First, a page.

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The new tariffs distinguish between large agri-food exporters and small and medium ones.
After Argentina’s biggest agricultural producers launched Monday a four-day strike against President Alberto Fernandez’s decision to increase tariffs on soybean exports, organizations from the Union of Workers of the Popular Economy (UTEP) convened in Buenos Aires where they installed a fair to supply products in support of the president and his measure.
The organizations in defense of the new tariffs said there was a need for such measures to be taken in order to redistribute the wealth obtained “from our territories,” as well as the access to the land for small and medium producers. They argued it is the only alternative for a development project that puts the people and their wellbeing at the center of the economic debate in the country.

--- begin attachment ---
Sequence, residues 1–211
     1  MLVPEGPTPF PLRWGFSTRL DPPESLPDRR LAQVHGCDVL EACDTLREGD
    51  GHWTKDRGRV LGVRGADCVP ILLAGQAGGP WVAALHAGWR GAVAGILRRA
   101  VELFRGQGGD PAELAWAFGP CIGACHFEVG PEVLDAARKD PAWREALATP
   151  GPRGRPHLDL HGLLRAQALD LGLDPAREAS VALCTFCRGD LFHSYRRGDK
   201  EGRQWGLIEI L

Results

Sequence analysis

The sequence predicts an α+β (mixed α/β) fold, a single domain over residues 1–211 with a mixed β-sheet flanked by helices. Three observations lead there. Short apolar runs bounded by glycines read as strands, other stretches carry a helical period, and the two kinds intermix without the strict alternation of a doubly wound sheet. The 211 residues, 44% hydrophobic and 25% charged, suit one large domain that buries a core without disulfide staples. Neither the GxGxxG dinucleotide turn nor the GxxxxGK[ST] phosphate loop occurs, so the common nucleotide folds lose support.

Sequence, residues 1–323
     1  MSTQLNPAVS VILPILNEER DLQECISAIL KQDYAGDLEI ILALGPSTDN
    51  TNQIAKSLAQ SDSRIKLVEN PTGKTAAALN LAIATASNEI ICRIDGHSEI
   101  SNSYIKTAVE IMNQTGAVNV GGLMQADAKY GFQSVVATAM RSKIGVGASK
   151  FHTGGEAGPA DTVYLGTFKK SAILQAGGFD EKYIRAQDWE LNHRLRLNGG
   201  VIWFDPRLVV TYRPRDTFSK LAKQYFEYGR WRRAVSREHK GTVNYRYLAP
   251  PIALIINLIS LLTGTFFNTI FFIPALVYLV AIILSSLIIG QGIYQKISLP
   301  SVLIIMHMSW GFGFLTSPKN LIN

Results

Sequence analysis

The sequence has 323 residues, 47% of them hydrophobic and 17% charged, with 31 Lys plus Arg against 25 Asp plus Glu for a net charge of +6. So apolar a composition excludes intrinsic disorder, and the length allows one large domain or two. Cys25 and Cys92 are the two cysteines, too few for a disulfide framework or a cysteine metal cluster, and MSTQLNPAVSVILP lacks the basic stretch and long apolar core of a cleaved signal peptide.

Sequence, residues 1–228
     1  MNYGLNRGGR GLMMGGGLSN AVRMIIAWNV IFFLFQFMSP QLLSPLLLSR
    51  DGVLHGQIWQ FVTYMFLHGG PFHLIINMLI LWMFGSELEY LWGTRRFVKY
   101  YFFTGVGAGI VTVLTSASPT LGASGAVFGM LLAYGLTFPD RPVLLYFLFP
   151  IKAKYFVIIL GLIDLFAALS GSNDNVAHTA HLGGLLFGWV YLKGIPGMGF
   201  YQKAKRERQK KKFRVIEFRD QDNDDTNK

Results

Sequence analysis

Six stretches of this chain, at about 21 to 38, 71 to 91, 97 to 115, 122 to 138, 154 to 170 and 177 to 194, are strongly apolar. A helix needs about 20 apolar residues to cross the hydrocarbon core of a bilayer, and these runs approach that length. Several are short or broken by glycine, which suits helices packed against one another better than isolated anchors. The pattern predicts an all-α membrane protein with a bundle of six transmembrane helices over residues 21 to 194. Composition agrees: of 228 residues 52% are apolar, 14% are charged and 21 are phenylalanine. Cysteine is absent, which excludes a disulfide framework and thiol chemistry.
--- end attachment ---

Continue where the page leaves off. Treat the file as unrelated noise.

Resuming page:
The new measure distinguishes between large agri-food exporters and small and medium ones. It has been ratified as part of the economic emergency law passed by Congress last December.
The UTEP, along with other movements of small producers, peasants, and Indigenous workers of the land, said in a statement that “the new tariffs system, in addition to being approved by law, benefits more than 70 percent of soybean producers, and promotes and supports regional economies.”
Argentina's government increased the tariffs on soybean exports last week. Soya in Argentina is the most important export commodity and tariffs have risen from 30 to 33 percent. The rise was harshly opposed by big landowners and producer unions who stopped grain and livestock trading for four days starting Monday.
The South American nation has been in an economic downturn for almost two years. It owes the IMF US$44 billion, part of a record US$57 billion loans taken by former President Mauricio Macri's government.
Itis currently suffering from annual inflation of more than 50 percent, sharp currency depreciation and an increase in poverty to almost 40 percent.
After taking office in December, President Alberto Fernandez rejected the remaining disbursements and demanded that the IMF and other creditors renegotiated terms, capital, and interest.